The part of me that’s rooting for the splatter is the same part that sees a roster built with all the grace of a congressional spending bill fraught with dozens of tacked-on pork-barrel amendments. Well, that or the car Homer Simpson designed for his half-brother Herb. In other words, ick.
The chain of events that led to this mess has been well documented. After declining Jon Lieber‘s affordable contract option, the Yanks watched the market for starting pitching explode, triggered by the Mets overpaying Kris Benson. Eager to get in on the act, they committed nearly $60 million to Carl Pavano and Jaret Wright, whose track records include exactly two healthy seasons with better than league-average ERAs since 1998. Spending all that dough still left the Yanks without a true ace, so they pulled off a deal with the Diamondbacks that netted Randy Johnson in exchange for last winter’s bounty, Javier Vazquez, and $9 million. They then agreed to a two-year, $32-million extension for the Big Unit.
The Yanks then tightened their purse strings shy of addressing their primary need on offense and defense: supplanting aging Bernie Williams in center field. Though the free-agent market offered a solution in 28-year-old Carlos Beltran, and though he was reportedly willing to take a discount to play in the Bronx, the Yanks never made a serious run. Presented with a price tag of six years and $100 million (compared to the seven-year, $119 million deal Beltran struck with the Mets) Cashman passed, explaining that with the luxury tax imposed upon the Yankees, “$100 million is the same as $140 million.”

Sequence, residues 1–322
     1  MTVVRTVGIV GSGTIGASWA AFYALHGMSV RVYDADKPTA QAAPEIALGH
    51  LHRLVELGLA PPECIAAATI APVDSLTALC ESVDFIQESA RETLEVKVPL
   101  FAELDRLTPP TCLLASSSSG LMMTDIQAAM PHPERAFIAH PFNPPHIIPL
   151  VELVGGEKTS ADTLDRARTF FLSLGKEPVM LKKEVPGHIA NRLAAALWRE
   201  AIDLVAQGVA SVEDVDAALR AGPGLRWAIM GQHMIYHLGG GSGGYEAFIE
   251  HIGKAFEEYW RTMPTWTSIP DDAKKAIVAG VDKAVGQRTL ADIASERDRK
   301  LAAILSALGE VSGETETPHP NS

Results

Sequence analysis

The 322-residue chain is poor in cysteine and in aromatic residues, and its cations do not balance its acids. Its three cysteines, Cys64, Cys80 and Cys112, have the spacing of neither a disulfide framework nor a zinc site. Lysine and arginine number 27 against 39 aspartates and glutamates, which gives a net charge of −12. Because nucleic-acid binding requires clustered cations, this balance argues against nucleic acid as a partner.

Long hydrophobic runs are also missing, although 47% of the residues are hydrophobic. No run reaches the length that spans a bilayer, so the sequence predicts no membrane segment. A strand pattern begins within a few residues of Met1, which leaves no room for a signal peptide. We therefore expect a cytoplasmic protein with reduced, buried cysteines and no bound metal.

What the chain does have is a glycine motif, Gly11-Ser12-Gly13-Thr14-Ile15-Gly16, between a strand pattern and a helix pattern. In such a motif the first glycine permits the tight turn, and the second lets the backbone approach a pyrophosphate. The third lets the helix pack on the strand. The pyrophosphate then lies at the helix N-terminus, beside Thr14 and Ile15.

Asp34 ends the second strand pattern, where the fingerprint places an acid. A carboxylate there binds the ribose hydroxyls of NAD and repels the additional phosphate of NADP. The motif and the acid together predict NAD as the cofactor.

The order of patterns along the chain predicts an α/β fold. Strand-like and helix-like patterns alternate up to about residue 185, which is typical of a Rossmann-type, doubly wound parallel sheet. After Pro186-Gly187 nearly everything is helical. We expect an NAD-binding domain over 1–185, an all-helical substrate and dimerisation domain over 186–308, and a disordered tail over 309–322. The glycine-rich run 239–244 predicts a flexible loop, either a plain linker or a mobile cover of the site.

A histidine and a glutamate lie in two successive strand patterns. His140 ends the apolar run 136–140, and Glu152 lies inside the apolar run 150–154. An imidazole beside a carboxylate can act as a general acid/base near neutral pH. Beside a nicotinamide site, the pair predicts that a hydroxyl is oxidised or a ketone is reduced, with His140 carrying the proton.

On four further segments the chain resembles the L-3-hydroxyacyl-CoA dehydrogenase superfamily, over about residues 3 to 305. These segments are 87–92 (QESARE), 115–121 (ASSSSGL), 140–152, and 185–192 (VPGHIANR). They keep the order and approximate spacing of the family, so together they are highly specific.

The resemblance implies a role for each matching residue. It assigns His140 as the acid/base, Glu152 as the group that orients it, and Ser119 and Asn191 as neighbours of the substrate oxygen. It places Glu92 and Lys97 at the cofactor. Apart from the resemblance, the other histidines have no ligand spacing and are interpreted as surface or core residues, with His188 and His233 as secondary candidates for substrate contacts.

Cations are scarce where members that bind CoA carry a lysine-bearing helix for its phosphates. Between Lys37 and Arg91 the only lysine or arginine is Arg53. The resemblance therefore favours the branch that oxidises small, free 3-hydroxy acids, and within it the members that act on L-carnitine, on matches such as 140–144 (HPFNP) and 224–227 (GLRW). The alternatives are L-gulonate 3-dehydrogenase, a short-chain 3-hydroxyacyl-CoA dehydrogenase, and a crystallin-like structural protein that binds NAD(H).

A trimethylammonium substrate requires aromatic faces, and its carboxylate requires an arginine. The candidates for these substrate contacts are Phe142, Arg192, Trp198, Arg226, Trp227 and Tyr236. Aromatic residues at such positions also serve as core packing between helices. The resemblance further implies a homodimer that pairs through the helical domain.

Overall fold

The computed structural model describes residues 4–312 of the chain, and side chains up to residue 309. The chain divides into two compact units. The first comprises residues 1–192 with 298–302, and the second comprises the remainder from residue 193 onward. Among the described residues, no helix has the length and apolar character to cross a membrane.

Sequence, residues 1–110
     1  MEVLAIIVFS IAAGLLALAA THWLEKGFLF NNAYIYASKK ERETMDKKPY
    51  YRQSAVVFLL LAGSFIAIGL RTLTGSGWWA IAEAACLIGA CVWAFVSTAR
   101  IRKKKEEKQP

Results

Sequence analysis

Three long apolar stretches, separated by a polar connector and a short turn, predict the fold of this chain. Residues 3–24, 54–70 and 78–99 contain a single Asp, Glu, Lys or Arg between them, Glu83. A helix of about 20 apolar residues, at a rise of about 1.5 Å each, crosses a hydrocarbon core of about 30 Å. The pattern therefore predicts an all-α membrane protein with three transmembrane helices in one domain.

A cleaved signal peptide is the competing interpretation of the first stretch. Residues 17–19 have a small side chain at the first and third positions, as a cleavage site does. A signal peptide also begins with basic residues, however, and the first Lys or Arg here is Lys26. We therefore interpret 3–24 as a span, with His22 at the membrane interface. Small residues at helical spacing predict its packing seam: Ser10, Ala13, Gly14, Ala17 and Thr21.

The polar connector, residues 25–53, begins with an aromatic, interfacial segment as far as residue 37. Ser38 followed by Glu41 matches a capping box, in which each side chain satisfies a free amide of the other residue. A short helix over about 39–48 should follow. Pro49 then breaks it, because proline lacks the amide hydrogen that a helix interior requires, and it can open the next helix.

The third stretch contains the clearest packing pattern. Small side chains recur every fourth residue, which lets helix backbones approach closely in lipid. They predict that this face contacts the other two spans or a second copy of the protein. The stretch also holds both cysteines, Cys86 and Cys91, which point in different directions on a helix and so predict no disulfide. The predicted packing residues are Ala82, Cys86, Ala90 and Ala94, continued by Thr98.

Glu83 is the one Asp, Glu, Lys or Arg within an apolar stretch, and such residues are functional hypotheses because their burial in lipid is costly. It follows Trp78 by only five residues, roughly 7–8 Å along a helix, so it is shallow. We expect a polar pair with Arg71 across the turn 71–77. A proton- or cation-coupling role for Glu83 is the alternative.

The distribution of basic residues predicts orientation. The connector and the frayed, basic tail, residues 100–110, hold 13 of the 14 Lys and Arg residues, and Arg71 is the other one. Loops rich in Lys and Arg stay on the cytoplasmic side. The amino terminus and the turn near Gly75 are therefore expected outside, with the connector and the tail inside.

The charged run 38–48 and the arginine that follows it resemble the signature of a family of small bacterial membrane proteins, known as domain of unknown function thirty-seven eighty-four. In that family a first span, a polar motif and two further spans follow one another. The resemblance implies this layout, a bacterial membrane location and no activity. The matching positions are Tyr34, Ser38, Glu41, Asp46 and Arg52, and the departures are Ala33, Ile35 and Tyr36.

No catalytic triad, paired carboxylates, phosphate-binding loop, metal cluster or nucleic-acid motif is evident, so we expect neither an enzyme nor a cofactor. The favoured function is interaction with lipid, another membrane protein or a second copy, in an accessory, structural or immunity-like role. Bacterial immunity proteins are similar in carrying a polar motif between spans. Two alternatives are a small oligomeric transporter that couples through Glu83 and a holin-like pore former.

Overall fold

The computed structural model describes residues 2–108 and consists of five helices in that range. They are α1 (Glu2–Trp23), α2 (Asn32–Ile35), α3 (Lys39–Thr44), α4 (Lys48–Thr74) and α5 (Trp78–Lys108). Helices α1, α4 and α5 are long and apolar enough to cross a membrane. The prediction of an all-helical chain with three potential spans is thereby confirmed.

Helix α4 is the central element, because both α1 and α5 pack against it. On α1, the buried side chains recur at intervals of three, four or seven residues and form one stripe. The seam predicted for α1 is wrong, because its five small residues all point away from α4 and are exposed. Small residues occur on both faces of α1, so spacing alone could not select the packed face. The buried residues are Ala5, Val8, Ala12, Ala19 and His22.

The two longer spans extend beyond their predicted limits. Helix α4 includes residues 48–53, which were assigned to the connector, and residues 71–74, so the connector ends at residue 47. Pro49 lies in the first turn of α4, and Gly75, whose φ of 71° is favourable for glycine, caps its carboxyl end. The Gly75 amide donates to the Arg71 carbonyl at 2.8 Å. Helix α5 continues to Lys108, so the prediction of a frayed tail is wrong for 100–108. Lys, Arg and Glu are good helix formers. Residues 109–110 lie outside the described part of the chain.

Cashman grossly overstates the impact of the luxury tax. The average annual value of the deal is used to determine payroll for luxury tax purposes. An AAV of $16.67 million for the rumored six-year deal translates to a $6.67 million hit for each of the two years remaining on the current Collective Bargaining Agreement. Beyond that, all bets are off; if there’s no new CBA in 2007, there’s no percentage in place by which to penalize the Yankees. Even with a new CBA, it’s unlikely that the 40 percent figure will be applicable in the first year of the deal. Thirteen million dollars isn’t chump change, but it isn’t $40 million either; the Yanks played fast and loose with their explanation for skipping out on Beltran.